The BBC, the shaggy dog story and the gas chambers


By Robyn Rosen
June 23, 2011
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Yesterday, the BBC admitted it had “failed to make the right checks” after it irresponsibly posted a false story about a dog who was reportedly ordered to be stoned to death by a Jewish judge in Israel after a court believed it was the reincarnation of a disgruntled lawyer.

The story, one which spread like wildfire throughout the international press, was not checked by one single reporter. It was, of course, utterly false.

Yahoo ran the item as its top news story last week, attracting more than 1,900 comments, the majority of which contained antisemitic diatribe including: “Dirty Jews should be stoned instead” and “Should have let Hitler gas all of them, big noses small brains”.

It eventually removed the story, after the JC alerted them. Even the press officer, too stretched or too busy to do his job, asked to be sent the various retractions.

Despite complaints from readers who flagged the comments as offensive, its customer care team did not act and no one checked the veracity of the story.

On Wednesday, five days after it originally posted the story, the BBC admitted: “What we did not know when we wrote the story was that the Israeli Hebrew-language newspaper Maariv had already published a retraction and an apology.
“We should never have written the article and apologise for any offence caused.”

Too little too late in my opinion. The Yahoo comments show how easy it is for people to turn to antisemitism. 1,900 people managed it quite comfortably.

These cases are a dangerous example of churnalism and one with frightening consequences.

COMMENTS

Joe Millis

Thu, 06/23/2011 - 11:49

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Canine Horror, as they say in the classics, eh?


Advis3r

Thu, 06/23/2011 - 13:05

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Unfortunately again the genie was let out and it is going to be very hard to return it.
I was alerted to a story on the Christian Science Monitor website which basically was a light hearted reprimand to the news media which slavishly reproduced this story without having checked the facts.
That didn't stop a bunch of raving bigots posting the dirty Jew comments in all their various formats, complaining that the story was true but the Jews were shutting down legitimate comment since they own the media don't you know and the usual no smoke without fire comment.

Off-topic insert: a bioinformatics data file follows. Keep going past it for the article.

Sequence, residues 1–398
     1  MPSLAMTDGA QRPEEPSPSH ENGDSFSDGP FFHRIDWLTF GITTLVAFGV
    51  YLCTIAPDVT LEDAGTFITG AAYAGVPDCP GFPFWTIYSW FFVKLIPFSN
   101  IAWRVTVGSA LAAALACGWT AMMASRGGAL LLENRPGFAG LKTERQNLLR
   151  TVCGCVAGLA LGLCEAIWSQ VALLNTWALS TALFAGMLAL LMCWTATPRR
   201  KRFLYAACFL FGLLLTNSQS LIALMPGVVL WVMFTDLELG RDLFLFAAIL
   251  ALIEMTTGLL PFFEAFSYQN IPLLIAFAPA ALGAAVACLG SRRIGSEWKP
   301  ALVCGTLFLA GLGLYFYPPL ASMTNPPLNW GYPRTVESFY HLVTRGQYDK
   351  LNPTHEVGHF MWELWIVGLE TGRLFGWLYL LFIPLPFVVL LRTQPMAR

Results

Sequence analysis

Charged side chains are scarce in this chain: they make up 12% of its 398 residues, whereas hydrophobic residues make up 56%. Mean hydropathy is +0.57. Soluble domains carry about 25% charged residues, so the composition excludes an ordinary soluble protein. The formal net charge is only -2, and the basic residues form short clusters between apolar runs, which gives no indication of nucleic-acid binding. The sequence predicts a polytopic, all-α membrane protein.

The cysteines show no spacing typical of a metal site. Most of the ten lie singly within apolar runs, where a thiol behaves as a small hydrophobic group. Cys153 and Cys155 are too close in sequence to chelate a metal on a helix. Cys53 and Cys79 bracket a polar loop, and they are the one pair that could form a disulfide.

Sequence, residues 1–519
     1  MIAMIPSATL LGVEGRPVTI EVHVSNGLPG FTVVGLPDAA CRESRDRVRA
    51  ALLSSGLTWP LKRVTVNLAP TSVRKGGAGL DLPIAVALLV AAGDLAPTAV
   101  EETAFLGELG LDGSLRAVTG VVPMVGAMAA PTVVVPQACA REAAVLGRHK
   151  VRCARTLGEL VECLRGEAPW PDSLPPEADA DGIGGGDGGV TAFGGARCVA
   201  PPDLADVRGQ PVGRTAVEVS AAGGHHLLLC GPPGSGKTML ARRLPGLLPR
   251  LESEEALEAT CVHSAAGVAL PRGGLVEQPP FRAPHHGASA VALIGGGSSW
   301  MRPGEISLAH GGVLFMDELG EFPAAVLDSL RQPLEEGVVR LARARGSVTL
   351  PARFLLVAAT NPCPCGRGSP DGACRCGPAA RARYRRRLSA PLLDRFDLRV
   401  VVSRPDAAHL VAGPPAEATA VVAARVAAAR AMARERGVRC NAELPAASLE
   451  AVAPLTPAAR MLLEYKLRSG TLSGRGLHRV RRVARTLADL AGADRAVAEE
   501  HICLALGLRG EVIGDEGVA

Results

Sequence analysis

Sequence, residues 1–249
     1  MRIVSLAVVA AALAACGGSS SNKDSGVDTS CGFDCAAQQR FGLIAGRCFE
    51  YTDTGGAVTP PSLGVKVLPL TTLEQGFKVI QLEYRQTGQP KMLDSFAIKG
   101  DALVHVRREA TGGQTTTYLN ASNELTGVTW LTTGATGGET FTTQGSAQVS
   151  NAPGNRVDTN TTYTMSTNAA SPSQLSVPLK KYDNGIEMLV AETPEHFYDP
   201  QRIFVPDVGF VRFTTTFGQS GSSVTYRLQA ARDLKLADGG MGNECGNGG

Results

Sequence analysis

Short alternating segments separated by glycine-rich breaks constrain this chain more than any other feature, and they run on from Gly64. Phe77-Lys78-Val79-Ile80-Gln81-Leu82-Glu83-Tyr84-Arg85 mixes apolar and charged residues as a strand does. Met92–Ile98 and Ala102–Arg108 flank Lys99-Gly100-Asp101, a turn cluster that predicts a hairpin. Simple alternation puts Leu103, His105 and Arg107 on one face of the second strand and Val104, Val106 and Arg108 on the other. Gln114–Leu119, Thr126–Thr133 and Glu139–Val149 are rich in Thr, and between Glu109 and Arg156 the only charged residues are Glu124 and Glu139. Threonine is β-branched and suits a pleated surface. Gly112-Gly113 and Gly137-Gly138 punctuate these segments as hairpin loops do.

if I was a lawyer advising the Rabbinical Court I would suggest suing every website that carried the story since they have all admitted guilt it would be money for old rope.


Jonathan Hoffman

Thu, 06/23/2011 - 13:11

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http://www.oyvagoy.com/2011/06/23/that-shabby-dog-story/#comments

Yet again the BBC fails to check a story derogatory to Jews and Israel, simply cutting and pasting it. It is appalling that our licence fees are paying for this patent incitement to antisemitismn from some anonymous anti-Israel creep in the BBC

As for the BBC's 'apology', it is not good enough.

As Simon Plosker says "This Editor’s blog post is buried in the depths of the BBC News website so that you can guarantee that this won’t reach nearly as many readers as the original article. ... Sorry Beeb but this is just another half-measure."

An apology for an apology ...


Joe Millis

Thu, 06/23/2011 - 13:23

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Honestly, if the BBC and Telegraph had published the same kind of nonsense about some tribe in Outer Mongolia, do you think the apology would have been any different? Jews and/or Israel aren't the centre of the universe, not everything revolves around them. Get over yourselves.
This esteemed organ has also made mistakes of the same magnitude as the shaggy dog tale, and has apologised in much the same manner. And on these here blogs we have people hurling racist and other epithets at those with whom they disagree.